• J.A. Windham

      Well, I defend the system I describe in the note above. I’m coming out in defense of “a laissez-faire social system that protects each individual’s right to life, liberty, and property by banning the initiation of physical force from human affairs.” We can quibble over what to call that system, but in order to critique me, that’s the system that you’ll have to address yourself to–the one I’ve expressly endorsed.

      • steveg

        What dictionary did you get that from? Are worker-owned cooperatives somehow not protecting individuals’ rights to life, liberty, and property? Why are you equating democratic socialism to state socialism – which nobody is promoting?

        Capitalism has brought about wealth inequality the likes of which we haven’t seen since the days of the pharaohs of Egypt. The people in charge in the current system rarely if ever take the protection of other people’s lives, liberty, or property into account; they seem to only be interested in whatever nets them the most profits.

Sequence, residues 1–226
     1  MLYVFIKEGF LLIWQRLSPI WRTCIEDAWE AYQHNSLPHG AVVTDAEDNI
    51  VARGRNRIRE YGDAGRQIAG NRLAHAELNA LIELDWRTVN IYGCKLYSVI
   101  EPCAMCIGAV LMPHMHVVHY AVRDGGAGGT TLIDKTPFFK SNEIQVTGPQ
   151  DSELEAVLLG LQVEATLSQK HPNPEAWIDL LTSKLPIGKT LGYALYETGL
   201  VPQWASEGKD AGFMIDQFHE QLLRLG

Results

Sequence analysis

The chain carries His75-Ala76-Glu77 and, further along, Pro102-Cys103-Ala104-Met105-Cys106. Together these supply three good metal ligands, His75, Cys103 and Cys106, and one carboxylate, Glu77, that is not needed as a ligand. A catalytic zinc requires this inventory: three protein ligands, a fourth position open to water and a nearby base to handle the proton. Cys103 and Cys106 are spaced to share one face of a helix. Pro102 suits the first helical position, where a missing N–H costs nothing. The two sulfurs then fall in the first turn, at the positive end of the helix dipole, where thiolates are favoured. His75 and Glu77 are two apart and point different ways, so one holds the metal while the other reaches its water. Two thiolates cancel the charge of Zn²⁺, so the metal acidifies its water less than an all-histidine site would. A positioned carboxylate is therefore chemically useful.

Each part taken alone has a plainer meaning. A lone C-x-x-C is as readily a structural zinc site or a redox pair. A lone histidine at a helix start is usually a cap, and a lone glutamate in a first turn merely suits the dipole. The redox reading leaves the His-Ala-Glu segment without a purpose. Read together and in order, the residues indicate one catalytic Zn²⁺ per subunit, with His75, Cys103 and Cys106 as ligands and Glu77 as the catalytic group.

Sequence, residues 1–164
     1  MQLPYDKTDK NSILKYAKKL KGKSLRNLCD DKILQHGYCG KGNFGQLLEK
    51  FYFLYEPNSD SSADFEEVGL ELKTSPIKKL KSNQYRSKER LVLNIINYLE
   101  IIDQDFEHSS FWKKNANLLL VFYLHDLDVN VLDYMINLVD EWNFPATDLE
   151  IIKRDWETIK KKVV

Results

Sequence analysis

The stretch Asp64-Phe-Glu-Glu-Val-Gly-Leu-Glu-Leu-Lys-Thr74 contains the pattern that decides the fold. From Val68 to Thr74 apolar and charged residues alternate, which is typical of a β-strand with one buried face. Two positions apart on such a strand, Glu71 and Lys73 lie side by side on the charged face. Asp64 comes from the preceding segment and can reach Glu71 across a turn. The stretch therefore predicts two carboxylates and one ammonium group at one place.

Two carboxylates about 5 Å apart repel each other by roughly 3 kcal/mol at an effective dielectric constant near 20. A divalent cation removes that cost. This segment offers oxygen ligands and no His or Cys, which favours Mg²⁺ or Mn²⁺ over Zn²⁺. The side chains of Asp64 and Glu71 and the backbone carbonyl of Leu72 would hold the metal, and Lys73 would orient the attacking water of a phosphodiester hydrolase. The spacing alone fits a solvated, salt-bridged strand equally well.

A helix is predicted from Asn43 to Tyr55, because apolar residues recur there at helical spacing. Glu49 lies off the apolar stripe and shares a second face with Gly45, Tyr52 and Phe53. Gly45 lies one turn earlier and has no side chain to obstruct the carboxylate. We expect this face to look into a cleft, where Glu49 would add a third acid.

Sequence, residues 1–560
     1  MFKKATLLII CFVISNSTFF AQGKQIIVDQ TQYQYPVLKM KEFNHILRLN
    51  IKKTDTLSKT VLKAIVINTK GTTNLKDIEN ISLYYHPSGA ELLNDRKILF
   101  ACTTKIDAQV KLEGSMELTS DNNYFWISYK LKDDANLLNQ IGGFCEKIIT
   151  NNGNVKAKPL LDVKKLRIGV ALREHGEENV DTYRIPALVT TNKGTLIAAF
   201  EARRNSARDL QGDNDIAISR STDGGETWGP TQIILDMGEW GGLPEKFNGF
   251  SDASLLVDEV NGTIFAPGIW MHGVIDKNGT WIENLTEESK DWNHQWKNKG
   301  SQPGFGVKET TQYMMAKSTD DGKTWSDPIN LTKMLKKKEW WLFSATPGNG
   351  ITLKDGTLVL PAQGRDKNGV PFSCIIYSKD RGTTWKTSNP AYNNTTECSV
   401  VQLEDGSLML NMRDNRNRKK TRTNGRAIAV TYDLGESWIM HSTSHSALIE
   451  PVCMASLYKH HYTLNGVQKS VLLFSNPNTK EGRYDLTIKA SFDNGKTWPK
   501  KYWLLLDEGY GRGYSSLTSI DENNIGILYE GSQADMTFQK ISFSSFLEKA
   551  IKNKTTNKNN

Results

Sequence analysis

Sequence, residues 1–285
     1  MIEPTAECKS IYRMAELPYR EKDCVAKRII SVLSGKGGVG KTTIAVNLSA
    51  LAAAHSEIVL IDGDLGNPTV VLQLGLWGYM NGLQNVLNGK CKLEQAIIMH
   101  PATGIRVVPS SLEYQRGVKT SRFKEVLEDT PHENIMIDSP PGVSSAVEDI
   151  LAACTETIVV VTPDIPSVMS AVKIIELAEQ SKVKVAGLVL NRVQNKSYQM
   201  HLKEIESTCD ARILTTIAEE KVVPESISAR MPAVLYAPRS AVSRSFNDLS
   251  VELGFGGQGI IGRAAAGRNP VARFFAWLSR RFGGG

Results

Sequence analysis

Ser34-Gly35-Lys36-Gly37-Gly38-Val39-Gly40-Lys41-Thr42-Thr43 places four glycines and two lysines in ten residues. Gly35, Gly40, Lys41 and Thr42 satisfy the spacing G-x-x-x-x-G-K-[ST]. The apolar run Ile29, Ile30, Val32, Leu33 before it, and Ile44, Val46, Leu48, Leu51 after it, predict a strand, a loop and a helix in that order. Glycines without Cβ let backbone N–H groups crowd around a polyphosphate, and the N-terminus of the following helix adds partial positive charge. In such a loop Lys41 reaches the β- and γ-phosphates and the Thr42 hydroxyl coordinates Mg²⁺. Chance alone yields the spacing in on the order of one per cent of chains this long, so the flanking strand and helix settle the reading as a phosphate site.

• J.A. Windham

          “What dictionary did you get that from?”

          I’m not quoting from a dictionary. I’m quoting from myself, in the piece above. What I’m describing is the system I support.

          “The people in charge in the current system”

          I don’t support the current system. I support the system I describe above.

          “rarely if ever take the protection of other people’s lives, liberty, or property into account; they seem to only be interested in whatever nets them the most profits”

          There’s an implication here that profiting somehow entails violating rights. I reject that idea.

          Now, I grant that it’s possible for one to flat-out steal money (through physical force) from others. But it’s also possible for one to trade for it (by selling his labor, selling his product, selling his idea, etc.) The former is voluntary; the latter isn’t. And I see a huge moral difference between those two routes–between dealing with others through force, and dealing with them on a peaceful, voluntary basis.